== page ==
What Are the Requirements for Home Schooling in the UK?

Home schooling is completely legal in the UK, which is why so many students are now home schooled. However, it isn’t just as simple as learning at home. This is because there are a few requirements that parents and guardians will need to consider when planning their child’s education.

The UK government states that a child at the compulsory school age must receive efficient full-time education suitable to their age, ability, aptitude, and any special educational needs that they have. If you weren’t sure, compulsory school age is between 5 and 16. For more information about what this means from Thomson Reuters Practical Law, click here. For more guidance on this education law click on this article from

What Do the Requirements Mean for Home Schooling Parents?

These requirements were stated in law in the Education Act of 1996, click here for more detail on this legislation. The terms of this law are quite vague and subjective. So, it can be hard to know what you are legally required to include in your child’s education.

According to this governmental guide, there are no official or legal definitions of the terms efficient, full-time or suitable. Which makes this even more vague and possibly even more confusing for parents and guardians looking to home school.

However, it defines “efficient” as the child achieving what it is intended that they achieve. This likely means that you will have to set out goals for your child’s education and track the progress.

In traditional schooling, a child’s full-time education is about 5 hours per day of teaching for 190 days per year. However, this is not a requirement of home schooling. In fact, home educators are not required to have a set timetable, nor set hours. This is likely because being at home means that home education can essentially take place at any time.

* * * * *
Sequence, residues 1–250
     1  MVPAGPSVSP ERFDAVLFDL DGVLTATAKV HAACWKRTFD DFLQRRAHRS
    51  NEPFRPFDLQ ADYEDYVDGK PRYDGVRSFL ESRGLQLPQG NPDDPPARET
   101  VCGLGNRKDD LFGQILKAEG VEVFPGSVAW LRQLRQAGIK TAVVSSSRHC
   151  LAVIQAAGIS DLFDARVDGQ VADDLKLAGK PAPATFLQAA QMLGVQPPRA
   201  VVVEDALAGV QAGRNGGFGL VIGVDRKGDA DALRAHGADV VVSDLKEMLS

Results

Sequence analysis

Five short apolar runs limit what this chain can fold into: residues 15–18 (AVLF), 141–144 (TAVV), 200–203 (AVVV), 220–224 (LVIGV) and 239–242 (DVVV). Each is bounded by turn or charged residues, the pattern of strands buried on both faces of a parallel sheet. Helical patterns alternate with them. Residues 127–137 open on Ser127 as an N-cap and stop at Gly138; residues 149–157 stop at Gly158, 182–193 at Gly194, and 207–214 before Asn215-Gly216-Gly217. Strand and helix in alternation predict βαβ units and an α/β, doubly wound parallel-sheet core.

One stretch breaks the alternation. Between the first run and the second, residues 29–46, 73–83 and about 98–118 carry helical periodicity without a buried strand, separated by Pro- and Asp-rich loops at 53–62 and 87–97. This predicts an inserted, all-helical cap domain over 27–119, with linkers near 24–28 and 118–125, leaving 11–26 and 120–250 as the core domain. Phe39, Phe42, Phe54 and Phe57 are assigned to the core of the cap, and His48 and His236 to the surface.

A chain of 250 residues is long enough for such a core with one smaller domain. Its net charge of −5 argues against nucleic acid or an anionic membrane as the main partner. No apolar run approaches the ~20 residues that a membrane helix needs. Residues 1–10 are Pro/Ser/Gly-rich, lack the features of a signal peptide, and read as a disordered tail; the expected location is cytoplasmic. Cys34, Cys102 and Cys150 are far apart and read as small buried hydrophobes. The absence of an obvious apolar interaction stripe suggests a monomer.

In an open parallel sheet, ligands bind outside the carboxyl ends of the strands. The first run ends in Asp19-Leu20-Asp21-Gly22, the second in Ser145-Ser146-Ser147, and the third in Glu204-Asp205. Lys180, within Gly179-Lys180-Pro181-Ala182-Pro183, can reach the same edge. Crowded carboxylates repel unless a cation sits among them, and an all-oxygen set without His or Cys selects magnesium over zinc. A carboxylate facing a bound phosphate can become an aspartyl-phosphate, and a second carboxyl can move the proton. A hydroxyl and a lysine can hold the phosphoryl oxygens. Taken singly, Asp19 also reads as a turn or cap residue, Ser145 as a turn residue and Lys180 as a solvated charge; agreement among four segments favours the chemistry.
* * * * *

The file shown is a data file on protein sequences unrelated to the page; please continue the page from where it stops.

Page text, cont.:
The most specific of the requirement is for it to be “suitable”. While this still doesn’t have an official definition. This is taken to mean that the schooling is appropriate for the child’s age, ability and takes into consideration any additional needs they may have.

It is not essential for home education to follow the national curriculum. However, this could provide a good basis to understand what is considered appropriate for a child’s age. For more information about the national curriculum, check out this governmental guide.

What Is Involved in Home Schooling?

While the term home schooling is quite self-explanatory, it can be difficult to know what it actually entails. Especially as it can be so diverse.

In the UK, it is not essential to follow the national curriculum. The national curriculum is essentially a guide that sets out the study programmes and targets for each stage of education. The national curriculum was introduced mainly in 2014 but was put into place from September 2016. For more information about the national curriculum check out this governmental guide.

As you don’t have to follow it, what you teach is completely up to you. This is as long as it meets the requirements that were mentioned in the above sections. Due to this, you will be able to meet your child’s needs and focus on what they struggle with more directly. On top of that, you can include more about what your child enjoys into your home education plan. You could even teach them some new skills that they wouldn’t be able to learn through traditional schooling.